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Reading Groups

Recent Irish Literature: The Nightmare and Dream of History


Five Sessions

Out of stock

Once a month Thursdays, 7:00 pm EDT - 8:30 pm EDT January 30 to June 25, 2020

This reading group will take place online via Zoom.

Meeting Dates:
1/30, 2/27, 4/30, 5/28, 6/25

Reflecting on his homeland of Ireland, Stephan Dedalus in James Joyce’s Ulysses comments, “history is the nightmare from which I am trying to awake.” Even in the relatively peaceful and prosperous twenty-first century, Ireland is still coping with the legacy of an often traumatic history: the Great Famine, mass immigration, British colonialism, and the Troubles of Northern Ireland. Yet, Irish stories have also focused on the dream of a better life for Irish individuals – often through immigration – and of renewal for a divided island – through complex processes of reconciliation, economic growth, and global connectedness. Indeed, Irish writers of the 21st-century are still very much preoccupied with Ireland’s vexed history, and many of Ireland’s most compelling recent novels fixate on the historical.

This course in recent Irish literature will explore four critically acclaimed Irish novels of the last decade that are at once broadly historical and deeply intimate: Days Without End (2017), by Sebastian Barry, Academy Street (2015) by Mary Costello, The Milkman (2018 Book Prize Winner) by Anna Burns, and Transatlantic (2013) by Colum McCann.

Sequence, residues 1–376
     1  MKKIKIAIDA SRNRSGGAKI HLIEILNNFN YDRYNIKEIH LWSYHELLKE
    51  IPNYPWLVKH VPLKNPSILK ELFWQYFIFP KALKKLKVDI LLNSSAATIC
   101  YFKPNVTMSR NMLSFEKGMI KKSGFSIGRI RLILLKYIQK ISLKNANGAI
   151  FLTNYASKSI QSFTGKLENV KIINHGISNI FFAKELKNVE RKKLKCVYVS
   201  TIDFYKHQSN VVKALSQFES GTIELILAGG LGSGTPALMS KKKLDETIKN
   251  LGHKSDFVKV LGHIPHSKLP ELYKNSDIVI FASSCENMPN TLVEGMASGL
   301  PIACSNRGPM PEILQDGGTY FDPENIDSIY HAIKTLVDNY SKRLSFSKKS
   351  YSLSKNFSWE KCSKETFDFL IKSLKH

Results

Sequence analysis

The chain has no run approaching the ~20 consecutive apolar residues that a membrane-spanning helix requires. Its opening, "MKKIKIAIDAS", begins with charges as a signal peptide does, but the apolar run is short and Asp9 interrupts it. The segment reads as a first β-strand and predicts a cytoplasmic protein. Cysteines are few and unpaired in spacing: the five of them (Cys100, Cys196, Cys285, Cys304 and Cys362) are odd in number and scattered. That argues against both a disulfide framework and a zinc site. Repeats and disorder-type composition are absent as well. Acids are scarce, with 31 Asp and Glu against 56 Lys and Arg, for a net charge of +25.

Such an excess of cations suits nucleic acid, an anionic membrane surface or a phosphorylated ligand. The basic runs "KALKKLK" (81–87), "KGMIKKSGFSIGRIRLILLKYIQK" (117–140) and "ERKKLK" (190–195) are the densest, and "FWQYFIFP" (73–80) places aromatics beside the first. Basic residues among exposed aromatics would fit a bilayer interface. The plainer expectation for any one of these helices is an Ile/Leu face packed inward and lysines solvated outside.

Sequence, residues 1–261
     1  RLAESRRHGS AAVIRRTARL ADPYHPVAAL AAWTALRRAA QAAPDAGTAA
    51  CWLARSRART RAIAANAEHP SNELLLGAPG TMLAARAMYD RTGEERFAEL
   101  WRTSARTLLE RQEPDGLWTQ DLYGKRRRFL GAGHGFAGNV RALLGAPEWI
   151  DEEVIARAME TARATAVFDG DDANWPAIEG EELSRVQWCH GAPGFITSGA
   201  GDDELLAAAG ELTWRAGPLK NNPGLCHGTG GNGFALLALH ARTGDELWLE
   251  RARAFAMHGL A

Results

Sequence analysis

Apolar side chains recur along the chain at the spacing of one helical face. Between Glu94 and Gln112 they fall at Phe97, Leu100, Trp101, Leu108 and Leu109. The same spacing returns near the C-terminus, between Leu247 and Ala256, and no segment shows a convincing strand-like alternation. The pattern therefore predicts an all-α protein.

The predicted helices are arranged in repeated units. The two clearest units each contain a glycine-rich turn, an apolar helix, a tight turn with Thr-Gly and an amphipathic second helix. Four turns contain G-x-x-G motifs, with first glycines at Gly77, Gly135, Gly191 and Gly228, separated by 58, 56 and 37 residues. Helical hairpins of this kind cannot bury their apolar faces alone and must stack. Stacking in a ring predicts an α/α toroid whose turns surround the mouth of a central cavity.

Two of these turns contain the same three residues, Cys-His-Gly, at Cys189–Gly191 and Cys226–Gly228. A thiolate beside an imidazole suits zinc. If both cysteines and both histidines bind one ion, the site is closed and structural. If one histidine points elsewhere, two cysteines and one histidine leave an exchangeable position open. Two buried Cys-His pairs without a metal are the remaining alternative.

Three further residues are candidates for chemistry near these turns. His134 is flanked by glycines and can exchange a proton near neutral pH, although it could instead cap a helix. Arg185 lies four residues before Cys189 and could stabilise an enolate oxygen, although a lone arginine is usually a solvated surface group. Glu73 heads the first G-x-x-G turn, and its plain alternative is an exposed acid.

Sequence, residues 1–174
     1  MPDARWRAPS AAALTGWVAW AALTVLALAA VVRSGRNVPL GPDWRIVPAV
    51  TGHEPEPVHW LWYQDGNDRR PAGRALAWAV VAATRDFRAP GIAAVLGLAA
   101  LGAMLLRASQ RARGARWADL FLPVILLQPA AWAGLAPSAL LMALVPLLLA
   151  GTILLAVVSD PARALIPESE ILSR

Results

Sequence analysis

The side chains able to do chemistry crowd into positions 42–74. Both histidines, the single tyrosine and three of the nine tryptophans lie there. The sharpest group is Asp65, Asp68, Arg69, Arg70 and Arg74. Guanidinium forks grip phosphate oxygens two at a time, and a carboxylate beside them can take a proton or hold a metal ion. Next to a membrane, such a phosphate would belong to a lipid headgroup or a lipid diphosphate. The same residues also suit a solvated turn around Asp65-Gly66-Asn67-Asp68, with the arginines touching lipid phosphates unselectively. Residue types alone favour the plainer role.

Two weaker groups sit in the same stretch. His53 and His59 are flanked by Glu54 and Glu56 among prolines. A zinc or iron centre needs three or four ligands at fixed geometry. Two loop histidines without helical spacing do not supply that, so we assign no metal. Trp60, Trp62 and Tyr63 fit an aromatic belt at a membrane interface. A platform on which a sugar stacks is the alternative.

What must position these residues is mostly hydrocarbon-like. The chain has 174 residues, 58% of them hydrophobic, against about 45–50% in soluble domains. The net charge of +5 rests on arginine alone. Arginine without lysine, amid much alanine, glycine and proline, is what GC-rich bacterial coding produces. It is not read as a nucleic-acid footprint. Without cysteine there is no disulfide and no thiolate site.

Please read Days Without End for our first meeting in late January.

Books are not included in the cost of the class. Participants receive a 15% discount at our bookstore.


Led by

  • mottolesew

    William Mottolese

    William Mottolese

    William Mottolese has taught at Fordham University and Saint Joseph’s College in Indiana and is presently Chair of the English Department at Sacred Heart Greenwich. He has published on such subjects as Olaudah Equiano, Laurence Sterne, and James Joyce and is presently at work on projects on Joyce, teaching critical thinking, and the relation of literary modernism to twentieth-century popular music. He has taught for a decade on the faculty of the Center for Fiction where he has led classes on James Joyce, David Foster Wallace, Salman Rushdie, Irish literature, and postcolonial literature. William is an award-winning teacher, published poet, and proud father of three children.